KataCon4–Notes along the way: Part 3

I’m going to break a rule of blogging and acknowledge I’ve been pretty much offline for quite a while since the last post. But I also want to push through what I started because this all leads to more.

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My next pages of notes I took at Menlo were about crafting a message for a Kata Geek audience – what is it about Menlo’s process and culture that is relevant to them (you?).

Again, I am going to pretty much transcribe my notes, though I am going to edit a bit as I wrote them in first person as though I was Rich, and I am not going to do that here. In the end, these became a foundation for the keynote I ended up giving following his.

Key Point: These words are mine, and no one else’s. I do not pretend to speak for Rich or anyone else, I was simply consolidating my own thoughts by using a possible talk as a vehicle for myself.

Theme: The Improvement Kata: Experimenting to create a deliberate culture.

(Scene 1: Exposition)

We are probably all after the same thing: To create a workplace where people are excited to come to work every day.

That experience has little to do with the work itself. It emerges when we can create a culture where:

  • Fear has been extracted.
  • Ambiguity (that causes fear) has been eliminated.
  • Relationships are strengthened every day.

I believe Menlo has created that culture. What I want to do today is discuss how you can use what you are learning with Toyota Kata to create these things in your own organization… Even (especially!) if you are not in charge

(Note – this part may be a little confrontational)

If you are in charge, there is nothing and no one stopping you. It is a matter of knowing what you really want, and being accountable to yourself and your team to create it.

Joy is very different from happiness. Joy is what we experience with the release of creative tension (figuring it out).

  • Success vs a challenge
  • Winning a game against a tough opponent.
  • That feeling we get when “it works!”

We can also experience joy with relief or resolution from psychological or physical danger – the same brain chemicals are at work – but this is DRAMA, not creative attention. We don’t want this, because it is relief from FEAR, not a sense of accomplishment.

(Scene II – “The Call”)

To create joy in others, you must fist look at yourself.

  • Cross the bridge
  • Be fearless
  • Take a step
  • Self-empowerment
  • Give yourself permission to NOT get everything right the first time – EXPERIMENT

“The most dangerous thing you can do is try to pretend you know when you don’t” – leads to paralysis by fear of discovery.

Until you can comfortably say “I don’t know” to yourself, you will be unable to learn.

“Find a a coach / be a coach” with whom you can create a bubble of safety to explore your own threshold of knowledge as a change agent. Arm yourself with allies.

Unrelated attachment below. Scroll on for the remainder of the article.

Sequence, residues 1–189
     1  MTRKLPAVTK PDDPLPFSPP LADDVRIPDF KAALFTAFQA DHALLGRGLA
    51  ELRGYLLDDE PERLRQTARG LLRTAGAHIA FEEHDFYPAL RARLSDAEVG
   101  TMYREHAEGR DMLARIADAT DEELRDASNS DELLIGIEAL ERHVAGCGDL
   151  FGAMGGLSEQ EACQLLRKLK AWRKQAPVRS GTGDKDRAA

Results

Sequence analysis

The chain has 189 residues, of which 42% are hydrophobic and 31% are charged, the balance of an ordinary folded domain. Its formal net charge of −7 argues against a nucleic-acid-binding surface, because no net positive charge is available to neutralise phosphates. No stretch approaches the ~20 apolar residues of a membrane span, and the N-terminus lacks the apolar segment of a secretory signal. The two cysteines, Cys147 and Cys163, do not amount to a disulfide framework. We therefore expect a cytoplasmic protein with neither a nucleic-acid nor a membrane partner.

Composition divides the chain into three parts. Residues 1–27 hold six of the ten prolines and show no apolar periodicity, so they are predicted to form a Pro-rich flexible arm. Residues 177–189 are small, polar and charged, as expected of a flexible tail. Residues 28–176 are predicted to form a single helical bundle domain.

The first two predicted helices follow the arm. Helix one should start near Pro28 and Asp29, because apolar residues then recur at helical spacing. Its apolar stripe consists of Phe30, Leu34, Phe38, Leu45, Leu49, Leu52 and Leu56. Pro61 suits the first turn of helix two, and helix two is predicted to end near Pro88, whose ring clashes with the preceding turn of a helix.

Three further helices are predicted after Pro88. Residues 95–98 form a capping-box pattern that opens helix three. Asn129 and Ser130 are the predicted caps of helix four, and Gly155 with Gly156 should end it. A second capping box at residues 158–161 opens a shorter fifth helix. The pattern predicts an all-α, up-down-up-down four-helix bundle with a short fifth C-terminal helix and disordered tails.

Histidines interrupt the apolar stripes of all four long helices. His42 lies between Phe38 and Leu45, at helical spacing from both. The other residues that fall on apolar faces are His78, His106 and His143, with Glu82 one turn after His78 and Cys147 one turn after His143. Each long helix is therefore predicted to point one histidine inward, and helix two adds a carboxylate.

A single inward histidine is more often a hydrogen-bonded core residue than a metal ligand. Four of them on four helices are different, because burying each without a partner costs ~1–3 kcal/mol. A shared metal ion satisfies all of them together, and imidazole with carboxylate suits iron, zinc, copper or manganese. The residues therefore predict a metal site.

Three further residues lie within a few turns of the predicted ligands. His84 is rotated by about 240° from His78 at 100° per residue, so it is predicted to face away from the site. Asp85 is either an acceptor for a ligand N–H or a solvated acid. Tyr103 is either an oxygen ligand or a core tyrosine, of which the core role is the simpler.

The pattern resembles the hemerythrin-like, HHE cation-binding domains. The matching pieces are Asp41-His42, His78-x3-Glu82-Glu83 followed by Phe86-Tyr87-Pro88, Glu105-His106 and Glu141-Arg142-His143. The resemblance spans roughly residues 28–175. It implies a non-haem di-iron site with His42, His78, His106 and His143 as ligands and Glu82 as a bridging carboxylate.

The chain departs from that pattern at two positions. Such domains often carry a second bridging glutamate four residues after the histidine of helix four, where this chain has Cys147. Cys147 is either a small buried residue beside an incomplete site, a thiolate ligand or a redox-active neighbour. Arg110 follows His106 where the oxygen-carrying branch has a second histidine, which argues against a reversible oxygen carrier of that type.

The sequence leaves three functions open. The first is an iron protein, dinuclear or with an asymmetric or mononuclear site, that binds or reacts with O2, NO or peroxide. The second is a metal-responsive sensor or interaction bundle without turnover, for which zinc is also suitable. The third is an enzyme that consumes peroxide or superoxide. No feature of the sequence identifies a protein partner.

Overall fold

(Scene III – “Walk into Mordor”)

In a large organization, middle management sets the tone.

This is the end of the notes I was taking, but these themes get explored more deeply as I continued this journey.

KataCon4–Notes along the way: Part 2

One of the things Menlo does (and I am sure they are not the only ones in their business who do) is create user personas – a biographical profile of a fictional person who represents a category of potential user for the software they are developing.

In Joy, Inc, Rich Sheridan describes the often contentious process of then forcing the customer to pick a single persona as the primary user – the persona whose needs will drive all decisions about optimization. That person goes in the center of their three rings.

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They allow two personas in the 2nd ring, and three in the 3rd ring.

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As they make design decisions about their code and user interface, they always defer to the innermost rings. That doesn’t mean that someone in a ring further out won’t have their needs met, but they will meet those needs in ways that don’t compromise the process for personas closer to the center.

Persona Mapping for KataCon

In the spirit of being a temporary Menlonian, I worked paired with Craig (over the phone, and in a shared Google Doc) and we developed a persona map for KataCon. Of course, had we done this correctly we would have gone back in time to the previous KataCon, gotten the profiles from the attendees lists, interviewed people, and put together profiles for “typical” people who attend.

Since we couldn’t do that, we pushed past our threshold of knowledge and combined experience with a bit of speculation. I did confirm some of our assumptions via a phone call to Dwayne at Lean Frontiers who graciously answered my questions as he was driving across Indiana.

This process forced us to actually think about who was in the audience, and why they were there – what they were seeking from their participation in the conference. As Rich and I talked about his message, and later on as Craig and I worked on our “Experiential Workshop” we used the names of these “people” rather than generic terms like “participant” or “audience.” I found that really focused our conversations.